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The Collegian

The Student News Site of Tarrant County College

The Collegian

The Student News Site of Tarrant County College

The Collegian

Graphics program teaches real-world design

NE student Randy Mappus drafts out an online portfolio for his Web Design class taught by Sean Foushee of the graphics program. This is Mappus’ first graphics class, and he plans to take more in the spring. Photo by Jason Floyd/The Collegian
NE student Randy Mappus drafts out an online portfolio for his Web Design class taught by Sean Foushee of the graphics program. This is Mappus’ first graphics class, and he plans to take more in the spring. Photo by Jason Floyd/The Collegian

By Cody Daniels/reporter

NE student Randy Mappus drafts out an online portfolio for his Web Design class taught by Sean Foushee of the graphics program. This is Mappus’ first graphics class, and he plans to take more in the spring.   Photo by Jason Floyd/The Collegian
NE student Randy Mappus drafts out an online portfolio for his Web Design class taught by Sean Foushee of the graphics program. This is Mappus’ first graphics class, and he plans to take more in the spring. Photo by Jason Floyd/The Collegian

TCC’s graphics program is taking a different academic approach to give its students a better chance of finding a job after graduation.

Faculty members have been trying to ensure the graphics program is reality-based. They want all students to learn what it is really like getting graphics jobs and to learn exactly what such positions will entail in the real world.

Although the program is 16 courses in its entirety, TCC, this school year, became the only community college in Texas with a web design certificate program, something students should acquire after graduation to enter the field. The certificate program is separate from the associate degree and takes an average of four semesters to complete.

Graphic communication instructor Sean Foushee said because no bachelor’s degree program exists for web design or most graphics-specific trades, the certificate helps qualify students for real jobs.

“Most kids sometimes mess around with Photoshop and say, ‘Look, I can do this,’ and they need to be taught that all working with clients is about is understanding concepts and translating those concepts conceptually into digital language,” Foushee said. “We want to point the program in a more commercial direction so students can learn to use the industry-standard Adobe software and learn to become profitable doing art they love.”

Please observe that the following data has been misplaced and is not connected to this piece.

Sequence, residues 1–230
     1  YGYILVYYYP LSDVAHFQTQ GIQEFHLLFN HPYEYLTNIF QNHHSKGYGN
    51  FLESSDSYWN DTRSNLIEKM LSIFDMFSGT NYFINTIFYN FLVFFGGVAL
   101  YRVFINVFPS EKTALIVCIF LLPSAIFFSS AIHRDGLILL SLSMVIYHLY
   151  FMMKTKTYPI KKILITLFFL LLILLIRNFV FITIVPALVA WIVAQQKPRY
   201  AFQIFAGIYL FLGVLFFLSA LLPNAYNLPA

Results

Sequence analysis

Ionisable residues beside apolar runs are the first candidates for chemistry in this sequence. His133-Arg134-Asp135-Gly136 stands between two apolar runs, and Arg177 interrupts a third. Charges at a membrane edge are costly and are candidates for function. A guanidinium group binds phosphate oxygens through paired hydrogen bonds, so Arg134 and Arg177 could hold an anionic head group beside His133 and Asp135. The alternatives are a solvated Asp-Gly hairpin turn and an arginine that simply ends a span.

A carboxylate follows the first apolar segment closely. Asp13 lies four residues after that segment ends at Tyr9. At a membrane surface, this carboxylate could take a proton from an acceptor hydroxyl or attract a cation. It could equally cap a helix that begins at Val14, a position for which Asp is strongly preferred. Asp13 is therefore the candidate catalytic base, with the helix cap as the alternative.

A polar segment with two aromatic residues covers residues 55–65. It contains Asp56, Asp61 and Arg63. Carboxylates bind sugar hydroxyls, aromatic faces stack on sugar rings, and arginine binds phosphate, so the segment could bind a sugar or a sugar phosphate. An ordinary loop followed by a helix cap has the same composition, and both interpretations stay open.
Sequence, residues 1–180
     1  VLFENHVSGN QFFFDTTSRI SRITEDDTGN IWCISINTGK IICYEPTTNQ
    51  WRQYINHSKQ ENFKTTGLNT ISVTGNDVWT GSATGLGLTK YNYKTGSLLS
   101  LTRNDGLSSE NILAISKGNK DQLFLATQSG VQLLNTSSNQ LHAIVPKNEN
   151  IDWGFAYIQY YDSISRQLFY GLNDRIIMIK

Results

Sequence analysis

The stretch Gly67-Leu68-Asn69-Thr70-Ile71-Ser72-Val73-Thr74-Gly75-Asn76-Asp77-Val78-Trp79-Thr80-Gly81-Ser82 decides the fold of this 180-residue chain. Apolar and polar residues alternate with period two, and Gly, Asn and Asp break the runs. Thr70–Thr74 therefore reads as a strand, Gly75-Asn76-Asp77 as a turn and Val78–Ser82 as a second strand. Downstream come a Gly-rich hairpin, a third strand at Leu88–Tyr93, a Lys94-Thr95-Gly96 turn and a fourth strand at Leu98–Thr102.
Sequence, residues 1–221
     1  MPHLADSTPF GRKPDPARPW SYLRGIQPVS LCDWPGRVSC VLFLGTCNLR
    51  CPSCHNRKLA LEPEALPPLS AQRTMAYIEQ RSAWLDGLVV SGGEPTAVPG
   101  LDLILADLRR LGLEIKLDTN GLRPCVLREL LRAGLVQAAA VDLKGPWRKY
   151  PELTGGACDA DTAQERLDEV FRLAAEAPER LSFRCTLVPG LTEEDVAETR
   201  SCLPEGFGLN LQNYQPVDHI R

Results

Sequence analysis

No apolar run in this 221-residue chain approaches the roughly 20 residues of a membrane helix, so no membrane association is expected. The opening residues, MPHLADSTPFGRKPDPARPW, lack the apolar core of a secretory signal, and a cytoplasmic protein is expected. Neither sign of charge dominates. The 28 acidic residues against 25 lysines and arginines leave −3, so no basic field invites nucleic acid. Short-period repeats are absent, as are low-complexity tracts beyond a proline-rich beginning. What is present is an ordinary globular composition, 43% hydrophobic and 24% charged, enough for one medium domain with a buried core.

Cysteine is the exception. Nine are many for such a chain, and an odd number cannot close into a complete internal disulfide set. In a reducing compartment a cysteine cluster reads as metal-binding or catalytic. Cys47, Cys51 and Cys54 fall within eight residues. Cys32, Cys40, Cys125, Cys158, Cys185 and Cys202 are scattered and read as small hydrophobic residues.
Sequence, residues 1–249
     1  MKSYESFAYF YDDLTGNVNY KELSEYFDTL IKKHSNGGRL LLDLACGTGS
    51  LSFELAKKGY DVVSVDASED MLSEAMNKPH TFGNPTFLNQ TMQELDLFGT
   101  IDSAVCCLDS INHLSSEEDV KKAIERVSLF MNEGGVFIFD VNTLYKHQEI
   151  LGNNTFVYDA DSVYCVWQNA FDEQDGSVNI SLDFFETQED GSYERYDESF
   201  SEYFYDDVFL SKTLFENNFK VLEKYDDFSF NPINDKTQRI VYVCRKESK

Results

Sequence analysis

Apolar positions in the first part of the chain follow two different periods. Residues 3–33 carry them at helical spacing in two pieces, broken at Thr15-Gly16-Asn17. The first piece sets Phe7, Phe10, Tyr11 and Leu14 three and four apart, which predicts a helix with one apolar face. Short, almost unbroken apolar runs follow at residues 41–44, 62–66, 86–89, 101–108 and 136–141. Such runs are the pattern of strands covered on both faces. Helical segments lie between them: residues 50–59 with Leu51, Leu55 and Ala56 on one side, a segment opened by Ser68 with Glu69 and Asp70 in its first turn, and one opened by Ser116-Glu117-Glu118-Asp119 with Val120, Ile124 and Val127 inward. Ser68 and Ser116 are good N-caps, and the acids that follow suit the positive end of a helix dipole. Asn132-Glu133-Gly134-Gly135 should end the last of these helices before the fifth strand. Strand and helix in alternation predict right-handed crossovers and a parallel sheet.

Students who get certified can provide “creative deliverables” for their clients as well as campaigns, political ads, commercial web design, gaming and animation.

“One of the most important things is learning to use the industry software, but the graphics program is solely about conceptualizing client ideas and transferring them digitally,” Foushee said. “If we can teach students to do this, they will be fine.”

Graphic communication instructor Chris Flynn said the program’s structure is based around actual career field tasks. 

“Nothing you wouldn’t see in a real job situation will appear in the curriculum,” Flynn said. “Everything has real-world implications.”

To aspire to a career in graphics, instructors urge students to have basic computer skills. They don’t need to be able to draw. From there, the program teaches the knowledge necessary to succeed in the graphics industry as a production assistant, staff designer or web designer.

“We are currently learning to create content for the iPad,” Flynn said. “We’re exploring a lot of new digital features that it presents regarding publishing and learning to create digital apps.”

Flynn said students love the process, but the one drawback is some students with lesser computer skills are having problems because the work is complicated and tedious.

Learning to create iPad content is an important part, however, in turning the direction of the program to a commercial standpoint.

“I love learning what we have so far this semester,” graphics student Connor Asphaugh said. “I was unsure about my field choice when I came into the graphics program, but I’ve quickly fallen in love with it. It’s tough, but the rewarding kind.”

The graphics sector includes a lab equipped with all the industry-standard software, which students spend more than 75 percent of their time practicing on.

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